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Django: Visual QuickPro Guide (Visual QuickPro Guides) [Paperback]

Steven Holzner
1.0 out of 5 stars  See all reviews (1 customer review)
RRP: £18.99
Price: £17.88 & FREE Delivery in the UK. Details
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Book Description

20 Dec 2009 0321643402 978-0321643407 1
DJango is a open source web application framework written in Python. It follows the MVC (model view controller) design pattern; this software design pattern separates business logic from the user interface making it easier to make changes to the logic or interface without affecting the other. Django's primary goal is to ease the creation of complex, database-driven websites. The framework emphasizes reusability and "pluggability" of components, rapid development, and the principle of DRY (Don't Repeat Yourself). Python is used throughout.

Django: Visual QuickStart Guide starts at the beginning and moves web designers quickly along the path to developing Python Web applications with Django. After introducing readers the idea of Model/View/Controller applications and why Django is the right choice, the book walks a reader through creating their first Django Web site. It goes on to cover the ultra-cool things that can be done with Django to create robust Model/View/Controller applications.


Product details

  • Paperback: 216 pages
  • Publisher: Peachpit Press; 1 edition (20 Dec 2009)
  • Language: English
  • ISBN-10: 0321643402
  • ISBN-13: 978-0321643407
  • Product Dimensions: 22.6 x 17.5 x 1.3 cm
  • Average Customer Review: 1.0 out of 5 stars  See all reviews (1 customer review)
  • Amazon Bestsellers Rank: 1,288,719 in Books (See Top 100 in Books)
  • See Complete Table of Contents

More About the Author

Steve Holzner, PhD, received his undergraduate graduate degree from Massachusetts Institute of Technology, and his PhD at Cornell University. He also taught Physics at Cornell University for over ten years and is the author of Physics For Dummies, Quantum Physics For Dummies, Physics Workbook For Dummies and Quantum Physics Workbook For Dummies.

Product Description

From the Back Cover

DJango is a open source web application framework written in Python. It follows the MVC (model view controller) design pattern; this software design pattern separates business logic from the user interface making it easier to make changes to the logic or interface without affecting the other. Django's primary goal is to ease the creation of complex, database-driven websites. The framework emphasizes reusability and "pluggability" of components, rapid development, and the principle of DRY (Don't Repeat Yourself). Python is used throughout.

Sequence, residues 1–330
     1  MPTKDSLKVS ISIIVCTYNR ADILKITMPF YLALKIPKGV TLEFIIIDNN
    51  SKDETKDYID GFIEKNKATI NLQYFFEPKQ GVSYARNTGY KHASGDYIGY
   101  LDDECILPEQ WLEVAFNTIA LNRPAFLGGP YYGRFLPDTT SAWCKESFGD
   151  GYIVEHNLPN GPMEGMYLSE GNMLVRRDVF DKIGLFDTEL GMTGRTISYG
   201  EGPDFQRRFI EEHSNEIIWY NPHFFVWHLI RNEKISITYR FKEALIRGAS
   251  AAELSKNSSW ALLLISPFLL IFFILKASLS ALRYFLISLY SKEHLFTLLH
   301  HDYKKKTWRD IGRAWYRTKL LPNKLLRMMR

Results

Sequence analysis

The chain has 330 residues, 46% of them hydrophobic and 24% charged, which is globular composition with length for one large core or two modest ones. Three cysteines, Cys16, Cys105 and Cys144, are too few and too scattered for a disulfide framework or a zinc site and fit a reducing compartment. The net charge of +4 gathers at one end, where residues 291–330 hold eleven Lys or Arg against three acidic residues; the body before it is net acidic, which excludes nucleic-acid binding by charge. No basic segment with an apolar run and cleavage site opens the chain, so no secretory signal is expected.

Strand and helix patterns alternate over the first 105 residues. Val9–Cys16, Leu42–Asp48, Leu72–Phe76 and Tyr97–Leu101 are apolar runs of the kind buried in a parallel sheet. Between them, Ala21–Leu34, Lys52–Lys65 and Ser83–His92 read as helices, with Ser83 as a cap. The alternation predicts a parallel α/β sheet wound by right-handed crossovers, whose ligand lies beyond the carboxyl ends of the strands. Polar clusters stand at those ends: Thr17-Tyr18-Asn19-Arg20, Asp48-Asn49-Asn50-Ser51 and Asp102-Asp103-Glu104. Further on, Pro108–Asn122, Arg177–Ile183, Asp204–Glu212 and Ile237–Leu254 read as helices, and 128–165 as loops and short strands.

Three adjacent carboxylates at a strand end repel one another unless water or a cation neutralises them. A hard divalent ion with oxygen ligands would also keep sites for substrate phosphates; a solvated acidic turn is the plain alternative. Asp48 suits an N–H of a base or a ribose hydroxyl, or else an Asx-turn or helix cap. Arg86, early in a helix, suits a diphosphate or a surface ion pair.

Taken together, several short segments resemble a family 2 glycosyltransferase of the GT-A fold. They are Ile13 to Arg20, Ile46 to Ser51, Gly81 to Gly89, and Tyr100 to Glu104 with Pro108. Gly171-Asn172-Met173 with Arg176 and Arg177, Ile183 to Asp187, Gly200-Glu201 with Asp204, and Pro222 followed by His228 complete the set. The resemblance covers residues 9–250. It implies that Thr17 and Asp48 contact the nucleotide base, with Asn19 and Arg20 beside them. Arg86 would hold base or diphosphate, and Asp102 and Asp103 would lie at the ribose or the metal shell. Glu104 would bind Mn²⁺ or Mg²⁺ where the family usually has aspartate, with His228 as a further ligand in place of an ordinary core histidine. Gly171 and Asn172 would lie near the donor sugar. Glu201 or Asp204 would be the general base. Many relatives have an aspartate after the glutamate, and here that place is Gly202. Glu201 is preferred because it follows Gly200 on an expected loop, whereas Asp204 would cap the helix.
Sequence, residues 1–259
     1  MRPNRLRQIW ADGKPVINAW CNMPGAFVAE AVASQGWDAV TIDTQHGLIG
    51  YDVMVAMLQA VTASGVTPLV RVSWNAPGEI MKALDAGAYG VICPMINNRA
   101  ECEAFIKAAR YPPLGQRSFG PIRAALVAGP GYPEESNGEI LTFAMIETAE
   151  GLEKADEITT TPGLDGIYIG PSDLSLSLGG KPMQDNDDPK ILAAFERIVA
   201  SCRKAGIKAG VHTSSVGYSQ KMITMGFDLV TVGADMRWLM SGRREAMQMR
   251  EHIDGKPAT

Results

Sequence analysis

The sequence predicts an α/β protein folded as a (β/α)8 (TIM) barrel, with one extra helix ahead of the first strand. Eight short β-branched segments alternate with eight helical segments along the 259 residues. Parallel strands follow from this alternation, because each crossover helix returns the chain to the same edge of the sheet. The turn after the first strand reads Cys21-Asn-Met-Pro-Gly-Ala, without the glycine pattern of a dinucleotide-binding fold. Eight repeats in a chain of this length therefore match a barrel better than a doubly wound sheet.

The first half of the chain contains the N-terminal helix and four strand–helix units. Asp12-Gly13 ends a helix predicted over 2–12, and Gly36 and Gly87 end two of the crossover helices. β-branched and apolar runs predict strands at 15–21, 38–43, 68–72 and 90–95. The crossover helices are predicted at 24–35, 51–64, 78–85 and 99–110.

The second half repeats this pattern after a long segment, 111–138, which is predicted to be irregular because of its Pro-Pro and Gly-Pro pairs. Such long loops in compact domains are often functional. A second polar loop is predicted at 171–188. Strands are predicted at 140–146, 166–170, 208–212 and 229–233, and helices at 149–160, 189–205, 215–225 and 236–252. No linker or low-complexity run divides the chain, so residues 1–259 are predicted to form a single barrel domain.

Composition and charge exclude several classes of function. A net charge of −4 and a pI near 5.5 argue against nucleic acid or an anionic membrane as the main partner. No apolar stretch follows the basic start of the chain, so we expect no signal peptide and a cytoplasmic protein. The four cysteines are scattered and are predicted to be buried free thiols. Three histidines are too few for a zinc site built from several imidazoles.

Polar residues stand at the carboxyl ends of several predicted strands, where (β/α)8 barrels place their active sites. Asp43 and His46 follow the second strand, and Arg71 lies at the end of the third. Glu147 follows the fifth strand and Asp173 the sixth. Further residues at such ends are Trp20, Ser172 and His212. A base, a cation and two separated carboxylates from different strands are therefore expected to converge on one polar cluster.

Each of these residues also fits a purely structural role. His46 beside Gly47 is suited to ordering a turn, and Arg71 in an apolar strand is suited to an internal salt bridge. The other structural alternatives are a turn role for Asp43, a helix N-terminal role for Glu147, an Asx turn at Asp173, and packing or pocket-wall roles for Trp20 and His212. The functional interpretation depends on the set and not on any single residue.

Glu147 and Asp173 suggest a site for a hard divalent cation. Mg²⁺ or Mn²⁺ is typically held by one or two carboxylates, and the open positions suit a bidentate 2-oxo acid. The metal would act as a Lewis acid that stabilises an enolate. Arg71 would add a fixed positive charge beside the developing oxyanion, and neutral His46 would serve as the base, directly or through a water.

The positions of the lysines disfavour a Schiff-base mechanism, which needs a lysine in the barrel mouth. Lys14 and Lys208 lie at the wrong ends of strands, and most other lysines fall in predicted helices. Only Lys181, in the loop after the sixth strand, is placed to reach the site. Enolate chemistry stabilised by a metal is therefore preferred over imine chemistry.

Django: Visual QuickStart Guide starts at the beginning and moves web designers quickly along the path to developing Python Web applications with Django. After introducing readers the idea of Model/View/Controller applications and why Django is the right choice, the book walks a reader through creating their first Django Web site. It goes on to cover the ultra-cool things that can be done with Django to create robust Model/View/Controller applications.

About the Author

Steven Holzner (Ithica, NY) is an award winning tech author. He's written

several books including Beginning Ruby on Rails, Ajax for Dummies, and

PHP: The Complete Reference. He is also a former faculty member at Cornell

University and MIT.


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Front Cover | Copyright | Table of Contents | Excerpt | Index | Back Cover
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Most Helpful Customer Reviews
0 of 2 people found the following review helpful
1.0 out of 5 stars Unnessisary 24 April 2010
Format:Paperback
An absolutly unnessisary book. Waist of money.
It is just a bad copy if Django's own introduction you find on the Django home page.
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Amazon.com: 1.7 out of 5 stars  7 reviews
5 of 5 people found the following review helpful
1.0 out of 5 stars A rotten peach 2 July 2010
By Amazon Customer - Published on Amazon.com
Format:Paperback